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Thermaltake Frio OCK CPU Cooler CLP0575 E-mail
Reviews - Featured Reviews: Cooling
Written by David Ramsey   
Tuesday, 12 July 2011
Table of Contents: Page Index
Thermaltake Frio OCK CPU Cooler CLP0575
Closer Look: Frio OCK Cooler
Frio OCK Detailed Features
heat sink Test Methodology
Testing and Results
Final Thoughts and Conclusion

Thermaltake Frio OCK Detailed Features

The base of the cooler has a finely-grained circular finish. The texture can just barely be discerned with a fingernail. The base seems to be perfectly flat.


The back plate is comprised of black plastic and is of the increasingly popular "universal" design: flip it so that "Intel" shows for mounting to Socket 775, 1155/56, and 1366 systems; flip it the other way (to reveal "AMD") for Socket AM2/AM3 systems.


The mounting method is completely different from the original Frio (which used all-metal mounting hardware), but of a design that's becoming standard for many coolers: screws pass through the backplate and motherboard to locate standoffs, which in this case are knurled black plastic.


Two mounting plates are secured using the "thumb nuts" provided.


Small brackets attach to each side of the heat sink's base. Captive spring loaded screws will secure the heat sink to its mounting brackets, and the springs will provide the clamping pressure: just tighten the screws until they won't turn any more.


Here's the cooler installed on the ASUS Sabertooth X58 motherboard I use for heat sink testing. In most cases, you'd probably install it with the fans blowing out the rear of the case, but Benchmark Reviews has found that slightly better results can be obtained when the heat pipes are oriented horizontally. Fortunately Intel's square mounting hole layout makes it easy to install most coolers this way. In either orientation, though, this cooler overhangs the first RAM slot in my test motherboard, although the Corsair memory I'm using would fit if I removed the separate fins on top. Low-profile memory is just something a lot of coolers force on your these days, and it's something to keep in mind when buying memory with tall heat spreaders that can't be easily removed.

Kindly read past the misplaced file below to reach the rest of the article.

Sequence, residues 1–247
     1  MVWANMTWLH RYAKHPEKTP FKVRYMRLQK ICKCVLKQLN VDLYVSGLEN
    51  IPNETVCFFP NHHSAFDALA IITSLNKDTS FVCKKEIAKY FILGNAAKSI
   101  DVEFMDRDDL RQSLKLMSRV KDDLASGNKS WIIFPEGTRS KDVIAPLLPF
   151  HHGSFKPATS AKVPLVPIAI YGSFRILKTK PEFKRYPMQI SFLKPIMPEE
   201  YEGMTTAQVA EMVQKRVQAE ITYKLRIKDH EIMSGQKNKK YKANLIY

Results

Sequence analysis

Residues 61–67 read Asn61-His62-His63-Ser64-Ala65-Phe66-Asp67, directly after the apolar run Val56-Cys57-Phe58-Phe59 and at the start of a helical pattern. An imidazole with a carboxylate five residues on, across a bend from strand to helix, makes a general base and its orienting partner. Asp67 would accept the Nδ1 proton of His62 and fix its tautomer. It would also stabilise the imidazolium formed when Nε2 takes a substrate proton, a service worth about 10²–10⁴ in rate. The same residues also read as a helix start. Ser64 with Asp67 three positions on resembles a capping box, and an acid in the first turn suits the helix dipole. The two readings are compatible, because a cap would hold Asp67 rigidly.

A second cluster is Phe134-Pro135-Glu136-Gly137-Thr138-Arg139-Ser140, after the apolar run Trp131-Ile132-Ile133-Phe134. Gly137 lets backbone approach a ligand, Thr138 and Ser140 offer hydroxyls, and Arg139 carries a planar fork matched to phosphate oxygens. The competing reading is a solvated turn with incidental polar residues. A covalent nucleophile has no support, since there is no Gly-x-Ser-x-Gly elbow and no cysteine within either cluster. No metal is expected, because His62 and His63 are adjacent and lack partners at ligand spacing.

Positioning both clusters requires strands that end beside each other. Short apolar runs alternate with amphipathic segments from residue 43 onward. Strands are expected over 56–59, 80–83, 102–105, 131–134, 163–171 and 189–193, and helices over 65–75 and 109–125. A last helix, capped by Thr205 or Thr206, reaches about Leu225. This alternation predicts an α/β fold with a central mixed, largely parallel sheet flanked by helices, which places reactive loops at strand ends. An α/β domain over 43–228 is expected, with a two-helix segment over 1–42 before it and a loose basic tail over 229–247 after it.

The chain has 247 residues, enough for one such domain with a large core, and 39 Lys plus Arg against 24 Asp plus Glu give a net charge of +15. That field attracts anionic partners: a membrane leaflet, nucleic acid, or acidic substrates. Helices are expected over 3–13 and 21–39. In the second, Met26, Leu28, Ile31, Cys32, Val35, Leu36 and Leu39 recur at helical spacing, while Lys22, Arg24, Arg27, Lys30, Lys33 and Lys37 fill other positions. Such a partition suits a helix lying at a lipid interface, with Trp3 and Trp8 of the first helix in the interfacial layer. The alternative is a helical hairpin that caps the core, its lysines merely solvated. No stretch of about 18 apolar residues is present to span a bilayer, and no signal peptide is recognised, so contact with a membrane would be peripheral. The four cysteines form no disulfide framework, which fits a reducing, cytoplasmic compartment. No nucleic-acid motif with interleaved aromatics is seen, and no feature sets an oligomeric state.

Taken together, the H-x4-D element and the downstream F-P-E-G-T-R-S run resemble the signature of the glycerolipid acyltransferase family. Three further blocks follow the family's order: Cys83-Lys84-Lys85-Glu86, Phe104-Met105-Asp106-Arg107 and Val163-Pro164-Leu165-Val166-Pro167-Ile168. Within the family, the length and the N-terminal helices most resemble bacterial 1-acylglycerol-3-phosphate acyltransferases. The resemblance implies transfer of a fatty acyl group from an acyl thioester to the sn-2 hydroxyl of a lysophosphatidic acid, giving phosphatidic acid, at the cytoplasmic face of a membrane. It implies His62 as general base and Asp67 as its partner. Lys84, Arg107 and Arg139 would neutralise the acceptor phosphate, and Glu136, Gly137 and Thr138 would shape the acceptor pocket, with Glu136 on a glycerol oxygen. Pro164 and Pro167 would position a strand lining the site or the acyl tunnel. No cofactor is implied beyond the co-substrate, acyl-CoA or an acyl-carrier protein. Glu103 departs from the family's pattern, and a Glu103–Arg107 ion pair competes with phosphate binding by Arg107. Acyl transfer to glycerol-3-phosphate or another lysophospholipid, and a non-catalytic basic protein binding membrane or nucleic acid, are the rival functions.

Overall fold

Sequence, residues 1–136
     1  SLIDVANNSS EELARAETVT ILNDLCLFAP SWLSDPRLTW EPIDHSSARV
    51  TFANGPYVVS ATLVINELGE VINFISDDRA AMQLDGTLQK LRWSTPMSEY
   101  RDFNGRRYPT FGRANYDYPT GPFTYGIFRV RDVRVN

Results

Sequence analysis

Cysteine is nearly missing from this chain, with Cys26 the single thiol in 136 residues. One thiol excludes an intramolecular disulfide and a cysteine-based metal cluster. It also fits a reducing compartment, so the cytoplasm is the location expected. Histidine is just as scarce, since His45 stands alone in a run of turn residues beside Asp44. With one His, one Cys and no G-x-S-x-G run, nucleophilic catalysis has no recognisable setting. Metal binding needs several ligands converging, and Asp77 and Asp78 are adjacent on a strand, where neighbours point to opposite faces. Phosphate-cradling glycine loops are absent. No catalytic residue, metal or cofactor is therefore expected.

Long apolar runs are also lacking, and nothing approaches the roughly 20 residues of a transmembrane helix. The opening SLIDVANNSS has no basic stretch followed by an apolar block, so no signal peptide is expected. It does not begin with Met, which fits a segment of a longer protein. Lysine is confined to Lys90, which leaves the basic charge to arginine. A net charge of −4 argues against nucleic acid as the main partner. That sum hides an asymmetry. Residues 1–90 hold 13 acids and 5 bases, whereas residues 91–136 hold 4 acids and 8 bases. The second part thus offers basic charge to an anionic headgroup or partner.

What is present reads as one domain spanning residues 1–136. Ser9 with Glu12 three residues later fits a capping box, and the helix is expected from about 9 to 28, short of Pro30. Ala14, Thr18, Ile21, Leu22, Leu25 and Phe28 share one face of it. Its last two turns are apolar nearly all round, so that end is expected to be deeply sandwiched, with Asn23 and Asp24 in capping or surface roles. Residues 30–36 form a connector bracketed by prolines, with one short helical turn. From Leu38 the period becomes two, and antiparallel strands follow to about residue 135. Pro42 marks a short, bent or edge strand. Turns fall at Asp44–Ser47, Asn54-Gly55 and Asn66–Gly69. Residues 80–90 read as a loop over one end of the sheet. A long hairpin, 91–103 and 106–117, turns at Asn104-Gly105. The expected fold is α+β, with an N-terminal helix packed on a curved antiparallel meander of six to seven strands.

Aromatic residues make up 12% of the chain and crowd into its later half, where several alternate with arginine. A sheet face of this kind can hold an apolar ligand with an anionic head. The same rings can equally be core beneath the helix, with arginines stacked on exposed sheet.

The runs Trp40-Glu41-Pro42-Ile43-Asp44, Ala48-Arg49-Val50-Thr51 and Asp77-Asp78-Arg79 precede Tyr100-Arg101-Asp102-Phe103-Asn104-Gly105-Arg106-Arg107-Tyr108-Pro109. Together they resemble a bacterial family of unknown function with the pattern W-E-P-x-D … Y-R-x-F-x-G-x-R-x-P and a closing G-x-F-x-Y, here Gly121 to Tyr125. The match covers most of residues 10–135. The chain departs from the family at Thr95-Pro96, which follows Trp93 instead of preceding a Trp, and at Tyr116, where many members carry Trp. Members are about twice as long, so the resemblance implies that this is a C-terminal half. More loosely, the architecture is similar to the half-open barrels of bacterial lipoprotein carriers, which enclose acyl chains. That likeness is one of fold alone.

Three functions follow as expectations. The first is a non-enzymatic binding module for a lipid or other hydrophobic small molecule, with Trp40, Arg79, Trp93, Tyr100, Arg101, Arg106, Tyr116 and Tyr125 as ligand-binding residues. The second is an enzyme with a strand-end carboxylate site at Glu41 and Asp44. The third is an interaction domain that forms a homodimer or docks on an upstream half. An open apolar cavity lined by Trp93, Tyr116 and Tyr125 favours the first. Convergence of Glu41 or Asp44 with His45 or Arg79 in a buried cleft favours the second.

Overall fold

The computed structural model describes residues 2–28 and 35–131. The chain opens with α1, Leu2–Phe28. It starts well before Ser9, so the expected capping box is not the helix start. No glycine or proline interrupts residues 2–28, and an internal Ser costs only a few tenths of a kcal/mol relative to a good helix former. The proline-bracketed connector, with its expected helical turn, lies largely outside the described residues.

The original Frio did well in our testing, although the results from that test aren't directly comparable since my new test setup is much more demanding of a cooler's capabilities! Let's see how this one does.



# RE: Thermaltake Frio OCK CPU Cooler CLP0575hbsadf 2011-07-26 01:38
I don't think frio is a good name for a CPU cooler. I don't want my CPU to frio.
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# RE: RE: Thermaltake Frio OCK CPU Cooler CLP0575David Ramsey 2011-07-26 07:05
Really? "Frio" means "cold" in Spanish and has connotations of cold even in English.
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# RE: RE: RE: Thermaltake Frio OCK CPU Cooler CLP0575vikp 2011-07-26 13:42
He's pronouncing it wrong in his head. He's thinking FRY not FREEze.
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# RE: Thermaltake Frio OCK CPU Cooler CLP0575Pinakio 2011-07-26 04:28
Thanks Dave for the review, my friend has the original Frio on his i7 and it has arguably the best pair of fans that comes with an aftermarket cooler. I thought it would be interesting to see how much improvements the 'OCK' version brings to the table but after reading this review I agree with you that it's not worth the extra 15 odd bucks (non OCK is ~$55). But then there is hardly any surprise, you can't do much with a product which is already as good as it comes. BTW that single fan socket is a nice touch, it is only recently that motherboard manufacturers have realized the importance of number of fan headers.
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